The Imitation Game: a guide to vegan and vegetarian alternatives
A guide to meat and dairy alternatives
In today’s world of environmental concern and ethical consumerism, many people are starting to think twice about the impact of the meat and dairy products they buy. Whether you’re committing to veganism or just cutting down, at some point you are guaranteed to miss meat and dairy, and turn to plant-based imitations of your favourite products. Now, more than ever, supermarket shelves are stocked with these alternatives; brands like Quorn, Alpro, and Tofoo are bringing out new and innovative products all the time. The task of meat and dairy imitation is not an easy one, and we all know these products can be hit or miss. This list provides a quick guide to a few of the vegan and vegetarian alternatives I have tried, rated out of ten for your convenience!
Quorn Chicken Nuggets
Tesco Price: £2.20
Starting this list off strong with a veggie classic! I have yet to meet a vegetarian who is not partial to a Quorn chicken nugget. Find them on the menu at all good Wetherspoon establishments or in the frozen food aisle at Tesco, they are reliably delicious and surprisingly versatile. I am not ashamed to admit that I had Quorn chicken nuggets for my Christmas dinner last year, alongside more traditional trimmings.
I could not have been happier. But the downfall of Quorn nuggets, and the reason I have deducted half a point from their score, is that they are not vegan: like most Quorn products, they contain egg. Quorn have recently been expanding their vegan range, using potato protein as an egg substitute – here’s hoping that one day our vegan brothers and sisters will be able to enjoy this delicacy with us.
Violife ‘just like’ cream cheese
Tesco price: £2.50
As I reached for this vegan cream cheese alternative in Tesco last term, I knew I was taking a risk. Vegan cheese is famously difficult to perfect, and few can claim to have enjoyed it. In fact, I may have only ever had one good experience with the stuff, and it was at a vegan restaurant in New York when I was 17. I’m not sure what convinced me that I could recreate this experience in the dairy alternatives’ aisle of the Magdalen Street Tesco, but I willingly surrendered my £2.50 for the chance to sample Violife’s vegan soft cheese. It is only right that I warn the Oxford Student readership against making a similar error. Despite what the reassuring branding suggests, Violife’s product is not ‘just like’ cream cheese. It is not like cream cheese at all.
As soon as you open Violife soft cheese you are aware that something is wrong. The eerily bright white colour which stares up at you from beneath the tinfoil is less than promising. The culprit behind this colour is coconut oil, the chosen dairy replacement. It turns out, not altogether surprisingly, that the sweetness of coconut goes very badly with the strong salty yeastiness of the ‘cheese’ flavouring. In the immortal words of Tyra Banks, “it is so bad, I want to give you a zero”, but, just for effort and the admirable vegan cause I give Violife ‘just like’ cream cheese a 1/10.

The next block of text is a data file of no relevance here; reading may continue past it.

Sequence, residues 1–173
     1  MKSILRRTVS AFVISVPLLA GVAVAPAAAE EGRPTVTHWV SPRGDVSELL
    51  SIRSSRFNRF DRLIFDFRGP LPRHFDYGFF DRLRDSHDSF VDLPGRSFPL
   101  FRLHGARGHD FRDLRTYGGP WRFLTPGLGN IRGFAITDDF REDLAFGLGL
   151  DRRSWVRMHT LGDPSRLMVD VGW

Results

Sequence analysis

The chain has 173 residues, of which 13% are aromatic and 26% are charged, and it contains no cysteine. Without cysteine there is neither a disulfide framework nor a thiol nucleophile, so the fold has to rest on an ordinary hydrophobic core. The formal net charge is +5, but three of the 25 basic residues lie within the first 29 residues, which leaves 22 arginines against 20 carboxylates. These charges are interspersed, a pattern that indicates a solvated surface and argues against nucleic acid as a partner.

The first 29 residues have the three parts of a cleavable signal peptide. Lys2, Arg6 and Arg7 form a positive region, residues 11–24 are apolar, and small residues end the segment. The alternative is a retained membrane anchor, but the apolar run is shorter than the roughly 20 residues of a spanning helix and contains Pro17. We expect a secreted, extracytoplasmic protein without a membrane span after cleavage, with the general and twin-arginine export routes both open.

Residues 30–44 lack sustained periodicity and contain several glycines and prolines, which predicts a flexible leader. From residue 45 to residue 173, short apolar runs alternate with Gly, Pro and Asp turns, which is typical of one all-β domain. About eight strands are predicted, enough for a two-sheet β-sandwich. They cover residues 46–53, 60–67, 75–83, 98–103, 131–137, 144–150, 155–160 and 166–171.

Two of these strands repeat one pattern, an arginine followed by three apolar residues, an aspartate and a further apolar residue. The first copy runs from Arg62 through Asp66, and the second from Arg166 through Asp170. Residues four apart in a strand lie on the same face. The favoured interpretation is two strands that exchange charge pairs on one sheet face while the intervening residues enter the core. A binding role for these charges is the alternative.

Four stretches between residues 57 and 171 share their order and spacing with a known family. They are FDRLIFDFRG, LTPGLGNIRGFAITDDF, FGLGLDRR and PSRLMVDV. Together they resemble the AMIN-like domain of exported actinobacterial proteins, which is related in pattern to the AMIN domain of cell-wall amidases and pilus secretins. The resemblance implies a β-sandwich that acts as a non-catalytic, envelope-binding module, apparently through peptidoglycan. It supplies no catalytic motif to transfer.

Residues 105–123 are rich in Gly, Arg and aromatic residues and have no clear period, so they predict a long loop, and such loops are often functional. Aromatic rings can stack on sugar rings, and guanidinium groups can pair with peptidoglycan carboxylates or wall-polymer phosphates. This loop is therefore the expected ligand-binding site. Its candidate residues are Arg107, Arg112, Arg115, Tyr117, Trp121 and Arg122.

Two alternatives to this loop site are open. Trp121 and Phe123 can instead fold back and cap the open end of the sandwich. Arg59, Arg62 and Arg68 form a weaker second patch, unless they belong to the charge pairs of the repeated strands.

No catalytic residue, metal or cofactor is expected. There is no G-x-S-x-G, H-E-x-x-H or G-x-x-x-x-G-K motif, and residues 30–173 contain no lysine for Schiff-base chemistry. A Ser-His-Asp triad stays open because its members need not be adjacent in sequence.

The task of meat and dairy imitation is not an easy one, and we all know these products can be hit or miss.
Tesco price: £1 – £2
This is perhaps the most controversial rating of this list. Many will be surprised to see oat milk treated so harshly after the cultural buzz it has received over the last two years. Oat milk was the ‘it’ girl of 2020, suddenly surging in popularity to become the UK’s favourite plant-based milk by September of 2021. You could not walk into a coffee shop last summer without hearing requests for oat milk iced lattes and oat cappuccinos, oat was omnipresent. The nation has sustained this oat obsession into 2022, but I say the madness stops here. It’s not awful but it’s gloopy, and that’s my final word.
Tesco price: £1 – £1.80
There was a time not too long ago when ‘non-dairy milk’ was synonymous with the soya bean. The humble soy led the long and arduous uphill struggle for the milk alternative, only to be cast aside for the glamourous almond or the trendy oat. Having freed myself from the oat milk cult, I have returned to this old favourite as my go-to milk. I prefer the thinner consistency and it doesn’t separate in the carton like oat milk tends to. The high protein content of soy milk is also reassuring for those concerned that a vegan or vegetarian diet will leave them wanting.
Tesco price: £1 – £2
I am pleased to end this list on a high note, and you can’t get much higher in my esteem than Alpro yoghurt alternatives. My flatmate and I discovered this gem in the middle of a long and difficult Hilary term and instantly fell in love. Before long our fridge was seldom seen without multiple pots of Alpro yoghurt. I ate them for breakfast, as a mid-morning snack and as an after-dinner treat. I ate peach Alpro yoghurt, strawberry and banana Alpro yoghurt, raspberry and cranberry Alpro yoghurt. Whatever the flavour or the occasion, it hits the spot.
I am a great believer that vegan and vegetarian alternatives should be judged by how enjoyable they are to eat as stand-alone products, irrespective of how they compare to the meat or dairy option they are imitating. However, I was truly amazed by the convincing creaminess of the Alpro yoghurt alternatives – the harshest critic would struggle to distinguish them from a yoghurt made with cow’s milk. You cannot fault it. Alpro yoghurt is the perfect 10.
Image description: A bowl of tofu with a glass of soy milk and scattered soy beans